The Power of Particleworks, a CFD software based on the Moving Particle Simulation (MPS) method



Dr. Yoshihiro Yokokawa and Ms. Aya Tanaka
Technology & Engineering Center

"The failure rate for lipsticks was reduced to less than one-tenth the number before the improvement was implemented. Later, the engineer told us happily 'The number of defective products has really been reduced!'"

In 2012, Shiseido Co., Ltd., the leading cosmetics company in Japan, started using Particleworks, a computational fluid dynamics (CFD) software based on an advanced numerical method known as the Moving Particle Simulation (MPS) method. We interviewed Dr. Yokokawa and Ms. Tanaka at the Technology & Engineering Center about their aims, achievements and upcoming challenges.

1. "Being able to persuade a manager" was the key

― First, tell us about the organizational structure of production and R&D at Shiseido.

We have domestic factories in three areas: Kakegawa (Shizuoka), Kuki (Saitama), and here in Osaka. R&D is located in Yokohama, where there is a laboratory that is primarily used for formulation development. In addition, each factory has a dedicated team for technology development in order to enhance fabrication engineering. Other than that, production engineering is presided over by the Technology & Engineering Center, whose head office is located at the Kakegawa factory. There are four seconded people working at the Osaka factory, including some who are on loan from other organizations. The Osaka factory purchased Particleworks and we are the ones using it.

― What made you decide to purchase Particleworks?

To put it simply, our first motivation was that we needed "a picture". It is one of our jobs to suggest plans for the improvement of equipment and production methods in order to manufacture high-quality products effectively. These plans are developed based on various studies and experiments. When we explain such plans to a manager, a picture or a video image that was shot during an experiment is often worth a thousand words and helps illustrate our ideas.

However, not all experiments can be photographed or recorded. For example, when we produce cosmetics, it is not realistic to shoot a video inside a mixing vat so that we can show how compounded raw materials are mixed together. Using simulation software, we can show images and movement inside the machinery, something that is normally impossible using cameras or the human eye, in the form of a simulation. With such simulated images, we can convince the manager in charge of production to accept our plans for improvement just by showing the images and saying, "if we change this thing, this would work like that". The level of persuasiveness definitely increases. Thanks to the images, the manager can understand our plans more intuitively.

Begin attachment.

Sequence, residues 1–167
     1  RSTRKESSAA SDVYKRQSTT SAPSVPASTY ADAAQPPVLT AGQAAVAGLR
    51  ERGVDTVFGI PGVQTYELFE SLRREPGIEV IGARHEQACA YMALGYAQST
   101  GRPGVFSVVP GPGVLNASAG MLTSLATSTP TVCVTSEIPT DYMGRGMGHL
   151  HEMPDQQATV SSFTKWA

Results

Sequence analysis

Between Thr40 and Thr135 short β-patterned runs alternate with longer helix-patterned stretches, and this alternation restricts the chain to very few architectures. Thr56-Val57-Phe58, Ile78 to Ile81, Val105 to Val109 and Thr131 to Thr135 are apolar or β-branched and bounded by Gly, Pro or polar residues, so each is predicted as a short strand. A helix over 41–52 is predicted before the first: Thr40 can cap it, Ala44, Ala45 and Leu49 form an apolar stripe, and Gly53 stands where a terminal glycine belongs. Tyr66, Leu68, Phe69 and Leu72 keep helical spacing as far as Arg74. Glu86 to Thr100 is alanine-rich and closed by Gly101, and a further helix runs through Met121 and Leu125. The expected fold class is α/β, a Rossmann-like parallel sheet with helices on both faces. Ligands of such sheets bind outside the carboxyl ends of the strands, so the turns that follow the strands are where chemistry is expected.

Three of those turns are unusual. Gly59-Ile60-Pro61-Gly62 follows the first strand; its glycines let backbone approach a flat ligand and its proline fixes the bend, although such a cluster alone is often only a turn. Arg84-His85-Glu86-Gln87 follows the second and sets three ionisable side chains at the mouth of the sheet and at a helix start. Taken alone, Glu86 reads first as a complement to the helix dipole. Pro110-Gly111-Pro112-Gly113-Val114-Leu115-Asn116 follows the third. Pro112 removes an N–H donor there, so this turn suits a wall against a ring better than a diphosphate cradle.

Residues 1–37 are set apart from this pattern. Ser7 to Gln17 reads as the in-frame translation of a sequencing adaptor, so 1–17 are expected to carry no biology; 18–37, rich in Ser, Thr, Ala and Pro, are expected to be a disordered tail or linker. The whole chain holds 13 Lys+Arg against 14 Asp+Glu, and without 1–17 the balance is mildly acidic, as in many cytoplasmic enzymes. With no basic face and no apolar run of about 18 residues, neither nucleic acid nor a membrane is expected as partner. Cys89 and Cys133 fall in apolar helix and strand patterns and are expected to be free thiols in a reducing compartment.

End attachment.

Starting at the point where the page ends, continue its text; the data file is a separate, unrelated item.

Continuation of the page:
It may sound funny, but being able to convince the manager is crucial. Let's say that we are able to convince the manager during the first meeting. By not having to carry out additional experiments, create additional reports, or have more meetings, we are able to save time and money and this eventually leads to faster development. We could outsource such simulation analyses to a third party, but that might mean an inability to request detailed parameters and conditions or to change such parameters and conditions flexibly when required. We would have to accept a limited degree of freedom, and on top of that, the cost of outsourcing simulation analyses would be quite expensive. Taking all of this into consideration, we decided to purchase the software and use it ourselves.

2. How Particleworks changed my opposition to simulations

― When you first started using Particleworks, did it meet your expectations?